Video Gaming (EL 250)

3 Jan 2006

Interactive Fiction

To understand what Adams was talking about, you'll have to look more closely at the genre of interactive fiction.

Read Game. There are about 7 or 8 pages to this article. An excellent introduction to the genre.

Read this introduction to interactive fiction.

Play this annotated version of "Colossal Cave Adventure".

Play along with the annotation, and try to get across the crystal bridge. (Gameplay tips: You'll need to get past the snake, first! Playing IF absolutely requires you to create a map. (Here be hints and tips for Adventure.)

Once you've crossed the crystal bridge, keep playing for as long as the game holds your interest. (I've learned that some people get addicted to this kind of game, while others simply can't stand it.)

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I enjoy Zork more, somehow I can navigate better in Zork, maybe due to more interesting descriptions that hold my thought. Zork developed more of a hidden story line and puzzle solving, while this appeared to be more focused on task management. Dropping the rod before taking the bird was a dull task. I did not develope a relationship with the world. But the article gave me hope that good writers are developing more of the plot that these games sometimes lack.

Posted by: Stephan Puff at January 3, 2006 01:29 PM

Some games you love, some games you hate. It has been my experience that IF is not the genre for me, but for all intensive purposes I am giving it another shot to win me over. I agree that simple is good, as I suggested about Strong Bad’s Secret Collector, but IF to me is a kind of simple that is almost too hard. Simple is supposed to be easy and easy can be fun.

IF is difficult and can cause feelings of frustration...not always fun. Don’t get me wrong, I’m as much of an escapist as the next girl. I was not about to give up on it just yet. So, I played Adventure to see if I could get some IF juices flowing. Sure enough I got stuck at the grate opening for like 20 minutes going back and forth between there and the forest. Grrrr!

Posted by: Leslie Rodriguez at January 3, 2006 02:00 PM

I have found that IF games are not for me, they just lead to aggravation and the feeling of throwing my computer out the window. I, like Leslie, though I wouldn't give up the ghost just yet and try Colossal Cave Adventure but i just became extremely annoyed at the game and the way it was set up.

Posted by: Kayla Lukacs at January 3, 2006 03:52 PM

It took me a while to catch onto this game and my patience was wearing thin. I thought that it was boring especially because it was simply black and writng and it did not have the colorful animations and interesting sounds that I am used too.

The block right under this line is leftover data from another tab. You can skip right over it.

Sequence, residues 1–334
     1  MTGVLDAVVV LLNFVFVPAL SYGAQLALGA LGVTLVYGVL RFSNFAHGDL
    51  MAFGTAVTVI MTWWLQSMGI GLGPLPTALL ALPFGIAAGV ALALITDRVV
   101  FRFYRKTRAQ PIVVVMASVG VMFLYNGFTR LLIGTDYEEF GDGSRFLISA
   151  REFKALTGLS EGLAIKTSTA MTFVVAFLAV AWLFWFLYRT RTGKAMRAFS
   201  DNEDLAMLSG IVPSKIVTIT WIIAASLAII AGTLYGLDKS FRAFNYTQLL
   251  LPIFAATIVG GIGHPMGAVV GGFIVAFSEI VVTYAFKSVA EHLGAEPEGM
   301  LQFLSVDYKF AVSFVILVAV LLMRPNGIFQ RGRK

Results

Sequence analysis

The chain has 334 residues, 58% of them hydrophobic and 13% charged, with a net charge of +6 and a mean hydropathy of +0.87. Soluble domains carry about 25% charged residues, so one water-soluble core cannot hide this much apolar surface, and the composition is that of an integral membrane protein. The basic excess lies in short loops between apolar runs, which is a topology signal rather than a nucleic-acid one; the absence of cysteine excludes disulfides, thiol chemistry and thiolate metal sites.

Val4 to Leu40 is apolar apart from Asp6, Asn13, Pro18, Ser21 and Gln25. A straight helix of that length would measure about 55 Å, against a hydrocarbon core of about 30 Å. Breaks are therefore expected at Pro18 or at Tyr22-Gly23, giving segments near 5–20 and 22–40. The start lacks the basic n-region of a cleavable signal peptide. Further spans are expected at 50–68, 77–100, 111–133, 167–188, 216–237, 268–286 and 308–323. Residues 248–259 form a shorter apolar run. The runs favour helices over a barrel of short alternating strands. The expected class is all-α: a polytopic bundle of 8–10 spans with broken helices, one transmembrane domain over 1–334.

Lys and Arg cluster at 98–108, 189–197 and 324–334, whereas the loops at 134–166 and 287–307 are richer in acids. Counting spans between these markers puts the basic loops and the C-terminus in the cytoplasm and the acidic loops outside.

Posted by: Gina Burgese at January 3, 2006 04:55 PM

I made it past the crystal bridge but I am a "clumsy oaf" according to the game. Was the creator Buddhist? This is the seventh time he's reincarnated me!

Posted by: Evan at January 3, 2006 05:10 PM

Leslie, did you try the walkthroughs or tips?

If this were a face-to-face class, I'd spend some class time letting you work on the game in groups -- it's more fun that way.

Anyway, now you all have direct experience with text-adventure games.

Way back in the dark ages, when a mouse was a rodent and "cut and paste" meant literally cutting apart a printout and gluing text chunks in different orders, librarians and middle school teachers noticed that some kids who didn't like to read would spend hours playing these text-bames games. So in the early 80s, a brief burst of scholarly papers appeared, debating the question of whether these were games or stories, or something else. Since English departments have in the past few decades become very open-minded in terms of what they study (which is forutnate for us, given the topic of this course), some of the earliest academic publications in the culural significance of games came from English departments (and middle schools and librarians).

In the late 70s, the creators of Zork (the text game that Puff mentioned as being superior to Advent) also published a technical paper, but the paper focused more on the software than on the story world.

Adventure got the world of computer geeks excited when it first became available over the internet, but because Adventure was set in a world of caves, it only appealed to a certain set of people. Legend has it that when the world of computer geeks discovered Adventure in the late 70s, work productivity dropped as everyone focused on the game, for days and days.

Zork, which was directly inspired by Adventure, had broader humor, a snarkier narrator, and more gadgets to work with (buttons to push, a flooded room, a maze with ridiculously complex rules).

All of this really appealed to engineering undergraudates.

Posted by: Dennis G. Jerz at January 3, 2006 05:28 PM
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